Consider these four analytic integrations at the point of care for population health
We know that integrating analytics at the point of care contributes significantly to population health success. But which integrations should your organization tackle first? Consider these four:
- Real-time data: In population health, it’s critical that staff work as efficiently as possible, making proactive decisions based upon solid and timely information. As such, analytics should work against real-time data to ensure that health organizations are focusing on the right patients at the right time. For example, consider the discharge of a congestive heart-failure patient who has been a frequent visitor to the emergency room. Knowing exactly when the discharge occurs in order to take proactive action to prevent complications and near-term readmissions is an effective way to both improve the patient’s health and manage costs.We know that integrating analytics at the point of care contributes significantly to population health success. But which integrations should your organization tackle first? Consider these four:
- Risk stratification: Employ risk stratification to drive care management processes. When closely integrated into a care manager’s workflows, he/she can be notified of risk scores and then take immediate action. Risk stratification is an important tool to allow care managers to focus on patients that have the highest return on intervention. Traditionally, as risk scores changed, they bounced between spreadsheets or other software systems that don’t talk to each other. That resulted in a tremendous amount of manual intervention – and increased odds for manual errors. Automate risk stratification so that a score that passes a given threshold is routed directly to the appropriate care manager for immediate action. This forces a consistent approach for all patients and is an extremely effective means of ensuring consistent care – one of the core tenants of accountable care.
- Clinical workflow tools: Integrate analytics with clinical workflow tools to identify care gaps in standard quality measure steps (ACO33, HEDIS, PQRS, etc.) and facilitate the closure of those gaps. Consider the diabetic who needs annual eye and foot exams. Integrating this information into a workflow saves time and is much more effective than if that information was sitting in a standalone spreadsheet or other system. Automating the workflow in value-based settings is a simple way to ensure that physicians are providing quality care through a consistent approach and are rewarded appropriately.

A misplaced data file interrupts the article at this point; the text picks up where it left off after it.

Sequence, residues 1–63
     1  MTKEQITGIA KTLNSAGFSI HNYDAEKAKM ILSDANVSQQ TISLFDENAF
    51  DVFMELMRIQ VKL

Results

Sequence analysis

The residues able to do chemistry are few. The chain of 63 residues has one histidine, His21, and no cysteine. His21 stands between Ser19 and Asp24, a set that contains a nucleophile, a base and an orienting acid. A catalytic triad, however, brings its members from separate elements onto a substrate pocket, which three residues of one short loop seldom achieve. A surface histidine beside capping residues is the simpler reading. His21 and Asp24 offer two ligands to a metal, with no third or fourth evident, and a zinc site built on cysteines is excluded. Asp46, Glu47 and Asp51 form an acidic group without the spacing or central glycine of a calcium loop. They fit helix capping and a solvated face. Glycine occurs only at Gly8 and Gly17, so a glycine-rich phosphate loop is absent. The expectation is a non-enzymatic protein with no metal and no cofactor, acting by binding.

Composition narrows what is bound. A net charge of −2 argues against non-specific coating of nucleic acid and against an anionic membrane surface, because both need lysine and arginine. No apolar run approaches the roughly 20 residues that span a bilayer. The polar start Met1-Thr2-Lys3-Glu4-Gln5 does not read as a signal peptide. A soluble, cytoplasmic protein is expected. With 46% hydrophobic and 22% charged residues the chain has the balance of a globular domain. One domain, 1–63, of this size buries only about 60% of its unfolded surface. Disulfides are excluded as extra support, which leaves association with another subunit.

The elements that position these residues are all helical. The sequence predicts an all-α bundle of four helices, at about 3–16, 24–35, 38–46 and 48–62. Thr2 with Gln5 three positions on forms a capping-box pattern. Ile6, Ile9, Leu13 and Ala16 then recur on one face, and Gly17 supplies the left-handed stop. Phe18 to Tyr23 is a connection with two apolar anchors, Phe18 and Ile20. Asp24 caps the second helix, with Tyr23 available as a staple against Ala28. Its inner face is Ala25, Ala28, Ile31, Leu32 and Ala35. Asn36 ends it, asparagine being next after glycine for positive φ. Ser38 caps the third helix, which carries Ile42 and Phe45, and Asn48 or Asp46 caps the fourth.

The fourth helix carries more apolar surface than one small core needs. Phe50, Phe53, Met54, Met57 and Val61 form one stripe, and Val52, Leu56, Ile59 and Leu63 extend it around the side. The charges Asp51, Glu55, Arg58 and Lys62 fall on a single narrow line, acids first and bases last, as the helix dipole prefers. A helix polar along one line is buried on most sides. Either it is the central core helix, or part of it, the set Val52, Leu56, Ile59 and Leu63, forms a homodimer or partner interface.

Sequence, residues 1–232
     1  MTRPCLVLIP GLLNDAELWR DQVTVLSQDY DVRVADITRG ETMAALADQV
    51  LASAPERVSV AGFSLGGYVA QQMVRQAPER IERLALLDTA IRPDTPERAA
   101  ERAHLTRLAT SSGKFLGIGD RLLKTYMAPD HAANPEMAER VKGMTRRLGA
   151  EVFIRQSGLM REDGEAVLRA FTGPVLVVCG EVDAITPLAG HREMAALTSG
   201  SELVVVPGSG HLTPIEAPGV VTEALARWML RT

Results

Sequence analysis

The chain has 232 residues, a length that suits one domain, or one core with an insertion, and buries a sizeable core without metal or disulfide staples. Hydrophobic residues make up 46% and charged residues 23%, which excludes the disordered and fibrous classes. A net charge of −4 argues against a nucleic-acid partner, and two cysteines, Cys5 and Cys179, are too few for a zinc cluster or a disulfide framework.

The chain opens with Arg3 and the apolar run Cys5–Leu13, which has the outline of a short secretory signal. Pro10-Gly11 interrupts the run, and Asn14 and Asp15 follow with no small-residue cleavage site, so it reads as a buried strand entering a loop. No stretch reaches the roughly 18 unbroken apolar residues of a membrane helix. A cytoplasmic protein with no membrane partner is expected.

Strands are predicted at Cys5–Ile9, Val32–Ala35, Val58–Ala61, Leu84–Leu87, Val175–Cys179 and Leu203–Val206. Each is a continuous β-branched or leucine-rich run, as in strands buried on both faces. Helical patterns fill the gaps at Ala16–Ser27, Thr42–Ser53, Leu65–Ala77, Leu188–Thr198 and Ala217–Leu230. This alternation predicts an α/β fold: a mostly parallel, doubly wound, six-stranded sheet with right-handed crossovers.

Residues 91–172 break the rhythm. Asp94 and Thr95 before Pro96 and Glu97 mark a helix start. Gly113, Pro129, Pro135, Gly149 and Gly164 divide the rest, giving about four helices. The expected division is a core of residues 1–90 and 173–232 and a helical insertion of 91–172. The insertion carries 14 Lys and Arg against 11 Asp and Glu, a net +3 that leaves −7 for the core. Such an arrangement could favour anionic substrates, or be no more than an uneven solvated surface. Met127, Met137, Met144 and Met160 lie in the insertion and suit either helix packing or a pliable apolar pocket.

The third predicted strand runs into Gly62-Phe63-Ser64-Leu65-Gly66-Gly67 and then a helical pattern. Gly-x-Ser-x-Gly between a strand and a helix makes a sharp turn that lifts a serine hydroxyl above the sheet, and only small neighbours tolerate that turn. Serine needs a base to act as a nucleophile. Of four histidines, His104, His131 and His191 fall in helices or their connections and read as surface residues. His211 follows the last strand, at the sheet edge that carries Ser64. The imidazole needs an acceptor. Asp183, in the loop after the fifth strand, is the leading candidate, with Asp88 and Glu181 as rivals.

- Automated communications: Integrate quality-improvement data with automated tools, such as text messages, emails, or integrated voice response, to close care gaps. This is more cost effective than using clinicians to make patient phone calls. Their time is better spent focusing on caring for sick patients rather than attempting to close gaps in care. That’s where automated systems, based upon patient preferences, come in. These technology-based approaches can motivate patients to take actions with the same results and at lower costs.
While you may also wish to consider other analytic integrations at the point of care, these four are an excellent place to begin.
Surveys and Studies
Is communication population health’s major pain point?
Results from a new survey of 955 healthcare professionals commissioned by PerfectServe identify doctors and nurses struggling to get in touch with each other to coordinate care as a fundamental obstacle to improving population health. Conducted online by Harris Poll between February 12 and
While 95 percent of respondents agree that successful care collaboration leads to reduced readmissions, 96 percent say that inefficient communication is a barrier to effective population health management. Sixty-nine percent of clinicians feel patient care is often delayed while waiting for important patient information. Interestingly, four in 10 respondents (40 percent) do not believe that the electronic health record (EHR) is enough to successfully coordinate and communicate with other members of the extended care team. Among clinicians, the EHR is used as the communications mechanism only 12 percent of the time. On the security front, about three in five respondents (61 percent) say that HIPAA regulations pose an obstacle to communication and collaboration within the care team.
Noteworthy other connectivity findings from the study include:
- More than half of clinicians (52 percent) admit they don’t always know the correct care team member to contact in a given situation;
- 71 percent of responding physicians say they have wasted time trying to communicate with the broader care team;
- Only 25 percent of physicians strongly agree with the assertion that they can usually contact colleagues for collaboration or consults in an effective manner; and,
- Nearly half of physicians (48 percent) report being frequently contacted erroneously when they’re not caring for the patient in question.
The most common current communication technologies used in optimizing population health management represent the tried and true: Phone calls (83 percent) and online patient portals (74 percent) lead the pack.
Read the complete research findings at www.perfectserve.com/survey.
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